Elizabeth Pitcairn Performs with her Legendary Red Stradivarius Violin
By Mittie Roger
Celebrated violin virtuoso and sweetheart of San Miguel Elizabeth Pitcairn will perform with her legendary Red Stradivarius in two concerts for Pro Musica, accompanied by Louise Thomas on piano, on March 4 and 6, Friday and Sunday, at 5pm at St. Paul’s Church, Cardo 6.
Pro Musica Concert Series
Fri and Sun, March 4 and 6, 5pm
St. Paul’s Church
The historic violin was crafted in 1720 by Antonio Stradivari, generally considered the greatest violin maker of all time. Soon after, it disappeared more than 200 years, spawning a great deal of speculation, including the Oscar winning film, “The Red Violin.” The coveted Red Stradivarius came into the hands of Elizabeth Pitcairn at the tender age of 16 when her mother, a Julliard−trained cellist, learned of its upcoming auction at Christie’s in London. A bow maker from New Jersey named Robert Ames was the mystery bidder used to purchase the violin, which disguised the identity of the true owner for many years.
When asked about her experience with the violin, she says, “It’s endlessly inspiring to play this violin—the possibility of what it can do is the elusive carrot—the better I play, the more the violin has to give.”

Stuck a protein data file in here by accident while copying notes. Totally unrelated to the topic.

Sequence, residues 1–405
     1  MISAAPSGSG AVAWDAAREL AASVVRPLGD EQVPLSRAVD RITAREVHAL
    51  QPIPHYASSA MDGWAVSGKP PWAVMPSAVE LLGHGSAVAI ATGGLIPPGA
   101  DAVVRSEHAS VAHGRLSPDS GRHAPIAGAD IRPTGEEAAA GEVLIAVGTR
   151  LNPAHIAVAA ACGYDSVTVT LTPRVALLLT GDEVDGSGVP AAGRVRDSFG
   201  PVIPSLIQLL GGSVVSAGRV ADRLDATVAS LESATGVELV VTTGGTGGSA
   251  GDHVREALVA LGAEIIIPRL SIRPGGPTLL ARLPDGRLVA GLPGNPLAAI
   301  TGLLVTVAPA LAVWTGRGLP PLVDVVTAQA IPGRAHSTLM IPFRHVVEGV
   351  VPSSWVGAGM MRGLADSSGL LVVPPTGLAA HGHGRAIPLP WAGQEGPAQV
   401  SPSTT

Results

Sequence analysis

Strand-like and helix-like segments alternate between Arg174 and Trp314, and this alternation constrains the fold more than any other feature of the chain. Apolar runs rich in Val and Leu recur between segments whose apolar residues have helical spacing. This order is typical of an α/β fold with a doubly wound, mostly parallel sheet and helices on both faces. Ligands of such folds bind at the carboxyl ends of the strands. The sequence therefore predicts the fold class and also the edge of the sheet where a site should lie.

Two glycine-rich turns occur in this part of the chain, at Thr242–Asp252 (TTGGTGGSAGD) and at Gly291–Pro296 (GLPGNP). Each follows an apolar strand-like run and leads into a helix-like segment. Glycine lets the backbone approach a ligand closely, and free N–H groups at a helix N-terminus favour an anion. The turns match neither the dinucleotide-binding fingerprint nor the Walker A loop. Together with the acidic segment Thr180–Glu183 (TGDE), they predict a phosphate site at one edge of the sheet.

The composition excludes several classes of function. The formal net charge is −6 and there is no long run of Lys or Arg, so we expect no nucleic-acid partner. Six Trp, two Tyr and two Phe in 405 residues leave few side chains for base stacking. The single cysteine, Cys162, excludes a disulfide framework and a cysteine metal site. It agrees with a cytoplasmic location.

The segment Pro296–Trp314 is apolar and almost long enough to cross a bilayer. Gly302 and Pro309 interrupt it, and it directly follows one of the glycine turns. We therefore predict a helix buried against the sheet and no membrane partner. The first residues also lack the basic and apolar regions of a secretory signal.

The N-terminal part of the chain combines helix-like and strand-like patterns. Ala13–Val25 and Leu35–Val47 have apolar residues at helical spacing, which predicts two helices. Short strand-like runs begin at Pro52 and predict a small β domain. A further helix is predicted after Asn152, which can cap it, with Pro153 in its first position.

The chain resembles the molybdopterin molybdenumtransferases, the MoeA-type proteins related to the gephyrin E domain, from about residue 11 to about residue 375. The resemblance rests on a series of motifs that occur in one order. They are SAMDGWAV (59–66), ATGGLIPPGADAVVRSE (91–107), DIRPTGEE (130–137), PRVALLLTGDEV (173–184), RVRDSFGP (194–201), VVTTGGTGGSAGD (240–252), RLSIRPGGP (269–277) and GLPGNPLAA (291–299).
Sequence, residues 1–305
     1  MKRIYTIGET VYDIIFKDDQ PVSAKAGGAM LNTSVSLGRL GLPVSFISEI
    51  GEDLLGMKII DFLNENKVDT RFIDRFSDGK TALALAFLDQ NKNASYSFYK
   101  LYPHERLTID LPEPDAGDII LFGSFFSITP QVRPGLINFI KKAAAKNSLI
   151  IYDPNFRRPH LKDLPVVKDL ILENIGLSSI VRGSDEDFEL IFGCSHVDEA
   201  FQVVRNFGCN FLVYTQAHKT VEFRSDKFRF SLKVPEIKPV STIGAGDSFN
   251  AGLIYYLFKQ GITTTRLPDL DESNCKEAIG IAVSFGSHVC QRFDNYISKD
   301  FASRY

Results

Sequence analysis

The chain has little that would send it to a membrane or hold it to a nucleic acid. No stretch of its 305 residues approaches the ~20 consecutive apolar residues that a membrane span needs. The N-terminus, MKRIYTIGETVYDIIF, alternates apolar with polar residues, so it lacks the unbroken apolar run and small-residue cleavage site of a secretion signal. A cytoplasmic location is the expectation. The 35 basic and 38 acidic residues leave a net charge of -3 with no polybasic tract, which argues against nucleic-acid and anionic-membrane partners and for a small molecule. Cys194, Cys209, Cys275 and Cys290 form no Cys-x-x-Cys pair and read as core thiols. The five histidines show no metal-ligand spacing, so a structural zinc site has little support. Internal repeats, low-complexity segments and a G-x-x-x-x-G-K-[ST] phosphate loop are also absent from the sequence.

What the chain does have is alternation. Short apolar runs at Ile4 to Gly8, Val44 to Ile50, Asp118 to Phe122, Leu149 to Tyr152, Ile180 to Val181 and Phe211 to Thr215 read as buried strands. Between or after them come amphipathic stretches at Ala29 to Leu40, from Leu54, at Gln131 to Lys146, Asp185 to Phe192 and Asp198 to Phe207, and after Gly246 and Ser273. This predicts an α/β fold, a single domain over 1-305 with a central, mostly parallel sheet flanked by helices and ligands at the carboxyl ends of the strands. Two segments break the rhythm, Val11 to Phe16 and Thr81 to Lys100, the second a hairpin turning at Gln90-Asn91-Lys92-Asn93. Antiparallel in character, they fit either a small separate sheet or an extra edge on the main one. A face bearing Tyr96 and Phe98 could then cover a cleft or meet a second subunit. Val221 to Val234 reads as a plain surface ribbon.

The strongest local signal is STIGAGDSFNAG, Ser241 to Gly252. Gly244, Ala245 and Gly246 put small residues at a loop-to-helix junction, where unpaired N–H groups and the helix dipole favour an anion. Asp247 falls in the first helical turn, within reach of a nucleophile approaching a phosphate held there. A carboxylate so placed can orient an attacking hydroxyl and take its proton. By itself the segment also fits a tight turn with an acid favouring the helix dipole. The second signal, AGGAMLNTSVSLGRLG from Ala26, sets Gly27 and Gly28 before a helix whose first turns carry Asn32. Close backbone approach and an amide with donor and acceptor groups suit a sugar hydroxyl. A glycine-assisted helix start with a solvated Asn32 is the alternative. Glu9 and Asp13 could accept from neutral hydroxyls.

Internationally acclaimed, Elizabeth is one of America’s most loved violin soloists.
In her tremendous concerts for Pro Musica, she will explore a range of sonatas and virtuoso pieces. The great set pieces will include Mozart’s Sonata No. 18 in G Major, unusual in that it has two movements rather than the usual three or four; Debussy’s Sonata for Violin and Piano, the third and last of a projected set of six works composed during his terminal illness with cancer; and Mendelssohn’s Sonata in F Major, the third of his violin piano sonatas, rediscovered in 1952 by Yehudi Menuhin. All are great works, but the Mendelssohn in particular stands out for its transcendental artistry from the very first bars.
Pitcairn will further delight with a host of virtuoso gems, including Elgar’s La Capricieuse, the spectacular nature of which demonstrates it was composed for an artist of the highest caliber. Its nickname, “Le Staccato,” refers to its brilliant up-bow staccatos. Glazunov’s Grand Adagio from the ballet Raymonda will also be featured, a piece every concertmaster finds overwhelmingly joyous, but difficult to perform. The program also includes the delightful “Flight of the Bumblebee” from Rimsky-Korsakov’s infrequently performed opera, The Tale of Tsar Saltan, based on a fantastic Pushkin poem.
Tickets for the concerts at St. Paul’s are 120/250/350 pesos donation each and are on sale at La Tienda in the Biblioteca; La Conexión, only at Aldama 3; the School of Arts at the Instituto Allende, Ancha de San Antonio 22, and at the concert half an hour before performance time. Details of all Pro Musica’s concerts and Patron Membership are on our web site, www.promusicasma.org, or contact us at email@example.com.